At the end of the Epoch of Hrinruuk, though, the demand for magical might was great, for it was the thing that allowed civilizations to survive and prosper. Many races discovered that there had seemingly always been a hidden magical tradition among their peoples and began to nurture it. From the rune wizards of the dwarves and Ukrudan Enclaves, to the necromancers of the Termanan dwarves, to the genie-binders of the southern coast, these wizards studied the arts arcane, mastering secrets with an ease that even sorcerers could never hope to emulate. During this time the druids appeared to all but vanish, or were they simply mistaken for sorcerers? And so it was that many great empires rose, riding the might of their arcane spellcasters.
Wizards Discover the Gods
Perhaps the greatest irony of the Epoch of Mesos was that arcane magic allowed mortal kind to discover the gods. When mortal magic reached the level of power that allowed spellcasters to plumb the depths of the planes, they discovered a body of entities willing to answer questions and render assistance. Moreover, these entities, the children of the titans, did not require great sacrifices or souls. They asked for only one thing: the worship that the titans spurned.
The worship of the gods did not spring fully formed from the small band of followers who braved persecution to serve their divine masters. It took many centuries before those original furtive meetings, held in magical academies and the homes of converts, became what could, by any stretch of the imagination, be termed “churches”. In the early days, the worship of the gods was little more than scattered cults without a large membership or a coherent doctrine.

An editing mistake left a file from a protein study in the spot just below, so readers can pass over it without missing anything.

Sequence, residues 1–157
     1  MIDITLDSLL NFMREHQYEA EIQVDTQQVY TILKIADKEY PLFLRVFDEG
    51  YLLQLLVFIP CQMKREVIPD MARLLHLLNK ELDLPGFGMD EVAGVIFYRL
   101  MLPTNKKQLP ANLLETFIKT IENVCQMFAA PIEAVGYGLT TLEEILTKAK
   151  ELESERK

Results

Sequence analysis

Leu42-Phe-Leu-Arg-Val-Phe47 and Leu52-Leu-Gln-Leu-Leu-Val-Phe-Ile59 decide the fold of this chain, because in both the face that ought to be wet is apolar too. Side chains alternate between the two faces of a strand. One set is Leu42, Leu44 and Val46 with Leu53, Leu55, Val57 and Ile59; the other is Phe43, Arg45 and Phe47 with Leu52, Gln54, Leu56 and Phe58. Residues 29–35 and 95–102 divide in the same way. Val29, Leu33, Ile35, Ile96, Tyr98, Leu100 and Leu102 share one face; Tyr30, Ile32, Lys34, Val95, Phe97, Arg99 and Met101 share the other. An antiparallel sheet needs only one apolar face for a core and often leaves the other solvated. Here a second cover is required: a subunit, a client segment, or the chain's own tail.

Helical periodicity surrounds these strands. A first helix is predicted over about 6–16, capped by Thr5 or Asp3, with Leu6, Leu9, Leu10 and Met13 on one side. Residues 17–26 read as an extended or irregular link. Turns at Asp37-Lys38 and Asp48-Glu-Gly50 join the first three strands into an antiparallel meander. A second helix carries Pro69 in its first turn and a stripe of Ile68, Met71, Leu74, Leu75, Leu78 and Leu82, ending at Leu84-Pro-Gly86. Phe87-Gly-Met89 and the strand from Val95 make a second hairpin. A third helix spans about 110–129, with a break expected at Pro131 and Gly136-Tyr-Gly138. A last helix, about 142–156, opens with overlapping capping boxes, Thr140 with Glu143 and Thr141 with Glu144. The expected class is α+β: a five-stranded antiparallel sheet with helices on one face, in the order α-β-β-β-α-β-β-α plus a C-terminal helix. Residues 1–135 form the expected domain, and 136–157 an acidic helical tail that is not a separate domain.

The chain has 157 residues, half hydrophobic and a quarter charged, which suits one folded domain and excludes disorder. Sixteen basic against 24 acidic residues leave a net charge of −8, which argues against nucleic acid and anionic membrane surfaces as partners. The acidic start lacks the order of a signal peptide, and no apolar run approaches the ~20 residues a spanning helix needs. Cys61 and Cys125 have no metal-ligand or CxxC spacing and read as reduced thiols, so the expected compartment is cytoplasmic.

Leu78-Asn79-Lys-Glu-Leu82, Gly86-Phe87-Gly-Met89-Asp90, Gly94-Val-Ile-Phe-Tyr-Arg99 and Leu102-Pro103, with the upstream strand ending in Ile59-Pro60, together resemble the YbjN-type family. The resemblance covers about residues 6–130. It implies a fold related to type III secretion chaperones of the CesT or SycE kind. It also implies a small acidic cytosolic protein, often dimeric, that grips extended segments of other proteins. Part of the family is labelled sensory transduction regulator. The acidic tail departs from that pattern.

Yet those early god-cultists were afire with the power of the divine. They learned to wield strange new magic that no one on Scarn had ever seen. And their direct contact with the gods gave them knowledge of secrets that no one else knew. This was indeed one of the causes for the god-cults’ rapid growth: closeness to the divine gave unique benefits that had never before been experienced. Unlike the titans, who were dispassionate and uncaring, the gods took an interest in their followers and shared with them a portion of their power. The gods cared for mortal beings for their own sake. Little wonder then that those early cultists considered themselves special and would do anything to protect and expand their newfound faith.
Expand it they did. In just a few generations the worship of the divine grew from instances of isolated heresy into an all-out threat to the established order. This was another early advantage of the god-cults. They grew incredibly quickly – like weeds, detractors would say. The titans were eternal. Nothing mortals could say or do would affect them or their power. Unlike the titans, the gods were strangely malleable and gained power every time a mortal offered them worship. The gods added the worship of mortals to their own strength – which they in turn shared with the followers who worshipped them. This symbiotic relationship brought about a closeness of god to mortal that had never existed with the titans. But there were other metaphysical considerations as well, such as god-worshippers’ denial of reincarnation, a central tenet of druidic teaching. It is little wonder then, that the druids and their allies considered the god-cults so dangerous.
Eventually, as a result of their powers amplified through worship, the power of the gods became such that they regained the ability to manifest themselves upon the face of Scarn.